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Whenever I think about January 26th I am fondly reminded of my late father and the often complex conversation I would have with him (with lamingtons) about this day. It would follow a similar trajectory each year; regardless, I would re-open the conversation – one because I enjoy a bit of healthy debate, and second I enjoy tracking my own understanding and changing views on the subject.

We can’t create understanding without first creating space for conversation and for a space to ask these questions in a non-threatening manner. Here is a beginner’s guide to understanding why this day is so complex so you can consider what this means for you and decide where you stand.

A Clash in Australia’s Identity

The issues surrounding January 26th as Australia’s national day are complex. For many, keeping the date is rooted in a deep desire to continue celebrating the Australian nation, highlighting the many wonderful features of this country and its people. For others, the day is yet another painful reminder of a continent that was invaded and a culture that is struggling to thrive due to systematic discrimination and inequality.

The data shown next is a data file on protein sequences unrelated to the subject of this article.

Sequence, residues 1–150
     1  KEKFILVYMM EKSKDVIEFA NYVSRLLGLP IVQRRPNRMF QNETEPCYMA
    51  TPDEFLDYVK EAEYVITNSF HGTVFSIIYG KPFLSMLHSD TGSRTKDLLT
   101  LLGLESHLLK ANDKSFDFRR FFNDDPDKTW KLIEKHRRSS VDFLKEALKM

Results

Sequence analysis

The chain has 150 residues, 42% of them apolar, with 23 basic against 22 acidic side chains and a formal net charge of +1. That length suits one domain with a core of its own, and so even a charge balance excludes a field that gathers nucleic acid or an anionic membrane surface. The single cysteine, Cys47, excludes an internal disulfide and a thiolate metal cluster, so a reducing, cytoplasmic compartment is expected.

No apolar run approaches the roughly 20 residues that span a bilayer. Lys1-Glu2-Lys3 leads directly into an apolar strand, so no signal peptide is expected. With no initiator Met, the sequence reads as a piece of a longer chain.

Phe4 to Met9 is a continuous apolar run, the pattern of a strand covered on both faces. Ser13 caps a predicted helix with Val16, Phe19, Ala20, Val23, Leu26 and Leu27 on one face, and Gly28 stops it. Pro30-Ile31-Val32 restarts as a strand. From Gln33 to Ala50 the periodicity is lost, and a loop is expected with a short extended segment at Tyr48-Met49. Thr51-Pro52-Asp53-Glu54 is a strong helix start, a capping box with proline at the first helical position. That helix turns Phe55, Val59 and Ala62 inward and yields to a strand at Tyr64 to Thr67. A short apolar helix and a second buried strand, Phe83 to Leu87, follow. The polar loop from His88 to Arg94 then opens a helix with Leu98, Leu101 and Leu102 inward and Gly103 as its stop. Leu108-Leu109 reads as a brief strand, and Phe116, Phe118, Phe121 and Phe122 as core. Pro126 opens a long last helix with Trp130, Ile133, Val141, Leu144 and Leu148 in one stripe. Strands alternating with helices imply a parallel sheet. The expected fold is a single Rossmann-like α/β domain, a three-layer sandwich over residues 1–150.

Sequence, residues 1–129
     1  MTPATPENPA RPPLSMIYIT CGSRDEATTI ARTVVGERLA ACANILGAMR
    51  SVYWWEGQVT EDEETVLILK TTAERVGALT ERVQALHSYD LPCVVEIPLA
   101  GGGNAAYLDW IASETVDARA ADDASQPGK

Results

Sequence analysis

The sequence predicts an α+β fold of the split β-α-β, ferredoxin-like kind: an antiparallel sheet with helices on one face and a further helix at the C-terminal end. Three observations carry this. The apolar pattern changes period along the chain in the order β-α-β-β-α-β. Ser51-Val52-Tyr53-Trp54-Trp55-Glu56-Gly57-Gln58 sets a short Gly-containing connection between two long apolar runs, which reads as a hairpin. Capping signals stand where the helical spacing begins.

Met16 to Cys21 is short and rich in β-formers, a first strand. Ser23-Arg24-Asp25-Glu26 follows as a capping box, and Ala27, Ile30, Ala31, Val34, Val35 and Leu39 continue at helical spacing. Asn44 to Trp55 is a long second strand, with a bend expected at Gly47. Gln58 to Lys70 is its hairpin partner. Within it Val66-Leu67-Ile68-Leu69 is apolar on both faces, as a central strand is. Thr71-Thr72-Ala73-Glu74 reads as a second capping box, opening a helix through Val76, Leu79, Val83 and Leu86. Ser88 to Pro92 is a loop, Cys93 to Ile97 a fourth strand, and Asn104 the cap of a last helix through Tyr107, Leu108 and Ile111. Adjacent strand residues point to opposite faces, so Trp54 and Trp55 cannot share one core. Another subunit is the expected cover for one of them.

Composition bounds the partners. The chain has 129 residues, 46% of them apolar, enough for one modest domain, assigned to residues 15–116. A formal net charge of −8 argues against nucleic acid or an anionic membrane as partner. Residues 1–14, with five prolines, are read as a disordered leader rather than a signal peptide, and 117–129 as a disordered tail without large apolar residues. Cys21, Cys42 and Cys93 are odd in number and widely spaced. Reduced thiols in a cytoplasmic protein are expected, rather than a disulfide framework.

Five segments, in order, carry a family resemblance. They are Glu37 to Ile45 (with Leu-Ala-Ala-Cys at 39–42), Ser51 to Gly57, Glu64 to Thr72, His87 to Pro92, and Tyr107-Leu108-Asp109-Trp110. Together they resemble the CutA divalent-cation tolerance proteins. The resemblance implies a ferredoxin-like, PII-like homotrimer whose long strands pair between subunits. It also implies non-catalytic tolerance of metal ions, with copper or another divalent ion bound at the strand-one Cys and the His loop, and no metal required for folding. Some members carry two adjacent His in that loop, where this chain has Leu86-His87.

Part of this complexity comes from the sometimes problematic interpretation of Australian identity. Australia, as it is formally recognised internationally, is a nation that is nearly 250 years old. Australia, as recognised by the Aboriginal and Torres Strait Islander nations, and others, is known to be between 40,000-60,000 years old, and home to the oldest continuous culture on Earth.

When we look at this contrasting view of Australia as a nation, it’s clear to see why it could be difficult to draw the First Peoples and modern Australia together to celebrate the nation that we both exist within today. With Prime Minister Scott Morrison recently approving a change in the national anthem [from young and free to one and free], it’s clear that there is movement, towards attempting to forge a shared identity that acknowledges Aboriginal and Torres Strait Islanders as the first peoples of Australia.